In less than a week, I will be running in my first half-marathon in over two years. I’ve always been comfortable running 5k distances and most of the time can relax while running 10 kilometers, but any distance over 10 miles involves some thinking and preparation, no matter the activity.
I still remember the time that I went off on temporary duty (TDY) for five weeks while my Soldiers prepared for a 12 mile ruck march. For those who don’t know, a ruck march is a “favored” military activity in which you walk quickly with some weight in your backpack. My male Soldiers had at least 25 pounds in their rucksack while my female Soldiers carried at least 20 pounds. Since their training and the execution date for their ruck march would occur while I was gone, I didn’t train at all, and instead focused on my running. However, the last week of my TDY, I got word that their scheduled ruck march was delayed a week and not many of the unit’s leadership would be able to be out there to do it with them; this event was at the company level, and I was in charge of a platoon at the time. I didn’t have to participate, but I passed word to my squad leaders and platoon sergeant that I might do it with them. Now, for over about two years, I had special ruck; I took a rucksack frame and mounted a radio boombox on it with several bungee cords and little the necessary weights to make the 25 pound minimum (I know some units say that the ruck should weigh at least 35 pounds, but when you’re at post that likes to ride around in vehicles, I don’t think “they” cared THAT much to keep up with the lighter units). Rucking involves a different pair of footgear and for me, which includes a different stride and gait. And I had not prepared at all to do a ruck march, much less a 12 mile one.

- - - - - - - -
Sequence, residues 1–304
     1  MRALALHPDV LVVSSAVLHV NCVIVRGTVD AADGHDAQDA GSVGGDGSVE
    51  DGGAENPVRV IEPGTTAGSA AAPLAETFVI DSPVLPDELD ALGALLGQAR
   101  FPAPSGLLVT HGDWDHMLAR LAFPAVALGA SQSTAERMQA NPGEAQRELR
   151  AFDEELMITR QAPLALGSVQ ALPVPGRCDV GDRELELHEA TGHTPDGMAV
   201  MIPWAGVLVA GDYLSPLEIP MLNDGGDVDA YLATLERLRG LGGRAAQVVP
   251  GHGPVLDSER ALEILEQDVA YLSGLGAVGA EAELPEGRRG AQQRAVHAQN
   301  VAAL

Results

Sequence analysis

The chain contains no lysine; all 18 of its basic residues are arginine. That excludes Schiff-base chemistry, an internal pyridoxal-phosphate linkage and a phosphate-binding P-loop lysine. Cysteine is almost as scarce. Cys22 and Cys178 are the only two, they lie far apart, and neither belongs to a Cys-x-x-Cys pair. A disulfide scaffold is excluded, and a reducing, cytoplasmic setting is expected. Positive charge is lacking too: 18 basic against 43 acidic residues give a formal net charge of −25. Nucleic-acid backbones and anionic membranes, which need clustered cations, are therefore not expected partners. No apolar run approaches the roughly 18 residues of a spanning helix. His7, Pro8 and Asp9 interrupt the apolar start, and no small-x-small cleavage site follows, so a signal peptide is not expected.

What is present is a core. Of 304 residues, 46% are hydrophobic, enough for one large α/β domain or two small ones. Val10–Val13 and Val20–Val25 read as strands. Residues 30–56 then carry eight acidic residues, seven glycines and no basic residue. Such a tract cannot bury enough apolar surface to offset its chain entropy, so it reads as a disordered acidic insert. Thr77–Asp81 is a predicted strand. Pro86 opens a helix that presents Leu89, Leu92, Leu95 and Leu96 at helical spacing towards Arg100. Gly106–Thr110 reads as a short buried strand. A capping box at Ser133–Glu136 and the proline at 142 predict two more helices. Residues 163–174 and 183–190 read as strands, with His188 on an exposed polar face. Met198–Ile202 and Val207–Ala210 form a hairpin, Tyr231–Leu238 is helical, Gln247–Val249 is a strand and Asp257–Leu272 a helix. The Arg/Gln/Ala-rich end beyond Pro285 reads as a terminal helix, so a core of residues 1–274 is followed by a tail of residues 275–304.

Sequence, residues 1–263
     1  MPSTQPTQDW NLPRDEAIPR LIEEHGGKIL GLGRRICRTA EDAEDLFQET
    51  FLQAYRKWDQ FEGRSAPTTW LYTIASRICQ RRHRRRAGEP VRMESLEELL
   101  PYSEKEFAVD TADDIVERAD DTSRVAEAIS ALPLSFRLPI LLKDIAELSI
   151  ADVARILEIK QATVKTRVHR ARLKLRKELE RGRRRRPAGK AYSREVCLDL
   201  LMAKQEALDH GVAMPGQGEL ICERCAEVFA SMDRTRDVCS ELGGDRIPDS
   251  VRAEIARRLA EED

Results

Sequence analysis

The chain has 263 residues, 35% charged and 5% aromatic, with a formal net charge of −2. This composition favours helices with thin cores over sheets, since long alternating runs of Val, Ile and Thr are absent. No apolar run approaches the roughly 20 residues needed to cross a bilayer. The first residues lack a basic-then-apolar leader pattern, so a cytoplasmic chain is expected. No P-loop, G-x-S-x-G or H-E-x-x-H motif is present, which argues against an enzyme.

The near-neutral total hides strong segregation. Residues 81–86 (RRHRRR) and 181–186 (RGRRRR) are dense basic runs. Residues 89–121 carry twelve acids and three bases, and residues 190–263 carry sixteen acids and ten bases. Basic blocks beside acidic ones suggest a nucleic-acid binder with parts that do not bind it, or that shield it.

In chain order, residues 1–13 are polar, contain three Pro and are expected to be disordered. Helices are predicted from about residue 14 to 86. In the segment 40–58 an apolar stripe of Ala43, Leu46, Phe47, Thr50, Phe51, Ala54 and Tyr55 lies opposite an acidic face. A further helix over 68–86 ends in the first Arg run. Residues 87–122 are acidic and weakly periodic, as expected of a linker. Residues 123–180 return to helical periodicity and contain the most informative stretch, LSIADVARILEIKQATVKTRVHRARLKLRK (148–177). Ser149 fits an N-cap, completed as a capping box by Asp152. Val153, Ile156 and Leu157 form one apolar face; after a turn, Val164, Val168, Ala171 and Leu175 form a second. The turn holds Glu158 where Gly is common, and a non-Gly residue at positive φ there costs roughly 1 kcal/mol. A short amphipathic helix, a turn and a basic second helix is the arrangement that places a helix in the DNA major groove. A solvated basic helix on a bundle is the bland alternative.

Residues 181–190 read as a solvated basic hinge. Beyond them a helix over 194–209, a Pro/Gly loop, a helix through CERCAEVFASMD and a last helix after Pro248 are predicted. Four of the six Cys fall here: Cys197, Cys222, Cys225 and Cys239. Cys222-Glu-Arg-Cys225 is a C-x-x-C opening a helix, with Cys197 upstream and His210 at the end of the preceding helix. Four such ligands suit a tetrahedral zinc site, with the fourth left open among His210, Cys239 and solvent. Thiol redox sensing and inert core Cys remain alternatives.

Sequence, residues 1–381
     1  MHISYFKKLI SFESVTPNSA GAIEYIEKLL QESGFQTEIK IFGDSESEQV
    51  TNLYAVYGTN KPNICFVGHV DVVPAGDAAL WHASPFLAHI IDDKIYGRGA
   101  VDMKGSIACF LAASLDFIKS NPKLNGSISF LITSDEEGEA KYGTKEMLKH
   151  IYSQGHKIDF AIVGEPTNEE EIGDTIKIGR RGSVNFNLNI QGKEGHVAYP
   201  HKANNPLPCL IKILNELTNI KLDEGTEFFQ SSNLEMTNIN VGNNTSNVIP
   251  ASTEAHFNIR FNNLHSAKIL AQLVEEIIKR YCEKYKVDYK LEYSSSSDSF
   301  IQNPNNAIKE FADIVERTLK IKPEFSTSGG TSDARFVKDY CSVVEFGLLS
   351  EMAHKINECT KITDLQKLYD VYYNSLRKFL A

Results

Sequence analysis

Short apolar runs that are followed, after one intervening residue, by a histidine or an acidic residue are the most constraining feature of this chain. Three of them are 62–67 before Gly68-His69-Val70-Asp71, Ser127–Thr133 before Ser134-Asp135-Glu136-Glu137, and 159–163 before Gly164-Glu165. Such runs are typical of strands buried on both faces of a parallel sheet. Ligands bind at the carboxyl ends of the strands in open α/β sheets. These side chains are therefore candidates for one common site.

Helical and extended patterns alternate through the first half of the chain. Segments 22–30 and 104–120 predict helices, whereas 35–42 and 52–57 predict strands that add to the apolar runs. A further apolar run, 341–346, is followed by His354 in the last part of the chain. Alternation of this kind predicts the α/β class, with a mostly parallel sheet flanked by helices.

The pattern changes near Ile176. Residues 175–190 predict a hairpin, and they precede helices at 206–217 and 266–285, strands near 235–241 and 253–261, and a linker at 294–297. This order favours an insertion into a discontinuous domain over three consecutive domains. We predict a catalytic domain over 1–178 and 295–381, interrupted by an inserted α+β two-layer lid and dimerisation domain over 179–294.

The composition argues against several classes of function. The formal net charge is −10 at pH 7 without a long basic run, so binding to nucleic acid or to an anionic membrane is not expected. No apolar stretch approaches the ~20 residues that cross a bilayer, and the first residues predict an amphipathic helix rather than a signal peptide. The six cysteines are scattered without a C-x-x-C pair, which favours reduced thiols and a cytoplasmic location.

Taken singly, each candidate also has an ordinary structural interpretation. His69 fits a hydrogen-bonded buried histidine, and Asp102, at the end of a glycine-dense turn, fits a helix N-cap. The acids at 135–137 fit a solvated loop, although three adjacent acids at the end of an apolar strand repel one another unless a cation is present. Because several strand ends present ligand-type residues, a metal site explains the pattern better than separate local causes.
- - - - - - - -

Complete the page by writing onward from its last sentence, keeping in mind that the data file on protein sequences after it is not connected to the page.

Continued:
After I got home from TDY, I prepped my ruck by replacing the batteries and checking the cords to make sure the boombox wouldn’t rattle if I go fast. The next day was the ruck march and I met up with my platoon to do it with them. There were several mid-level NCOs (non-commissioned officers: staff sergeants and regular ole sergeants) from the other platoons out there in addition to my NCOs and me. In fact, I was the only officer to be out there with the company for some reason. We start our march, and I start up my boombox. I had a playlist already built for an occasion like this, so we marched off to Army band music, because I wanted it to sound serious in the company and battalion area, but once we hit the last road, the music changed to songs associated with Hollywood war movies.
At the two mile mark, one of the NCOs from another platoon quit. That really chapped my hide because I didn’t get to prepare for five-six weeks and here’s this one guy who was supposed to be setting an example and he just ups and quits. Went back to the company. His feet weren’t even hurting. That made me even more determined to finish this with my platoon. So we continued on the ruck march, probably to Jimi Hendrix’s “All Along the Watchtower.”
I finished that ruck march tired and a little sore, but amazingly with no blisters and just the slightest heat spots on my feet.
This Saturday is the True to the Brew half-marathon at Croft State Park. I have trained some, but nowhere near to the extent that I wish I had. I have my equipment for this race, to include new trail running shoes and for the first time ever, I will be wearing a running vest. I need one to carry a battery charger since I will be recording the race with my GoPro and the Karma Grip (for stable footage to keep people from getting motion sickness). I’ve tested my electronics. I’ve worn my new trail shoes for almost a month to make sure I’m familiar with how they feel. I’ve adjusted my running vest to (hopefully) make sure it doesn’t jingle around while I’m running. Let’s hope that this preparation, to include getting in several six mile (ten kilometer) runs in and an eight mile run will help prepare me than that time I rucked without six weeks of practice.